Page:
I have gone from being a casual consumer of webisodes to producing three in a year – talk about a fast track education! Here are some things I learned that could make things easier for the virgin webisode producer.
- Start with strategy: During the development phase, it’s easy to get carried away with the creative process. If you don’t have a sound business strategy that parallels and ultimately intersects with your creative strategy, you are going to get into trouble. In addition to the typical strategy document we write for every project, on the last two shows I created a “Litmus Test” document that was the measuring stick for different phases of the process. In other words, what does the show have to do in order for it to be successful? Get both in place so that everybody can be connected to the same goals.
- Know your culture: As we all know, a company’s brand is the most important intangible asset it has. In our case we wanted to push the envelope with some edgy content that we thought would break through clutter. It actually did exactly what we wanted it to do, but at the same time, we alienated some of the people in our own company in the process. Be careful not to get too focused on the end game and lose sight of the other important things along the way. During the second production of The Virgin Mattress, we actually conducted a few focus groups with our own employees to see if we were hitting the mark internally. As a result, we received some valuable feedback that gave us more confidence that we were on the right track. It also proved to be helpful when developing our VertiCoil® Edge™ consumer website. The females we talked to in the focus groups were the inspiration behind the “It’s Time” animations you can see HERE. Like everything else, you have to be careful how you use qualitative research, but listening is never a bad thing.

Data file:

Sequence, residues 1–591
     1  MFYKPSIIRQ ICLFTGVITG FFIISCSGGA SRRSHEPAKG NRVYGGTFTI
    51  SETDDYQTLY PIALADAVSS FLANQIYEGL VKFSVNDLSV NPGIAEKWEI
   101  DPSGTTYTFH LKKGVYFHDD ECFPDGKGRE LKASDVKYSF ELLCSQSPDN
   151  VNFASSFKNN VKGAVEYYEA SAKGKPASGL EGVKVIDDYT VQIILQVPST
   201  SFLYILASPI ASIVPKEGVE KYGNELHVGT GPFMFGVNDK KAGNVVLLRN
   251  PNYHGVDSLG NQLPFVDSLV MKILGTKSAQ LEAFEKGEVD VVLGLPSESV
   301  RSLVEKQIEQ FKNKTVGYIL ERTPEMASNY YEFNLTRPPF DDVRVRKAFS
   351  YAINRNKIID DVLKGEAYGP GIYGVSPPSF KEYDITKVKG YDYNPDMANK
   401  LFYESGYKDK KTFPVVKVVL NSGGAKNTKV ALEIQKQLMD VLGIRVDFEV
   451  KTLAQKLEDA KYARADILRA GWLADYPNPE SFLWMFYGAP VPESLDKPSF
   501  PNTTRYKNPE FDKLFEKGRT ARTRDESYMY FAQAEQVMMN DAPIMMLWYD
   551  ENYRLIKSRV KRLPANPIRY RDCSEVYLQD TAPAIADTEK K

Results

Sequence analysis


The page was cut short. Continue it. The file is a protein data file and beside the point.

- Get Organized: For The Virgin Mattress project, we had three different agencies working together. There was our internal agency, the PR firm Fahlgren, and finally our production company and social media firm, Pure. With so many people involved, we needed to have some great communication tools in place to keep everything where it needed to be. First, we used DropBox for sharing files. We watched all of the auditions this way, and we also used it for reviewing early edits of our episodes, trailers, and commercials, etc. They have a great app for the iPhone or iPad that came in handy on more than one occasion. Second, to help answer the question “what were we creating and how did it fit within the overall strategy?”, we used XMind for a very effective mind mapping tool to get our thoughts organized and to connect the dots on content, distribution, social media, and traditional PR, etc. Finally, we used Basecamp for basic communications, file sharing, calendar, and task manager, etc.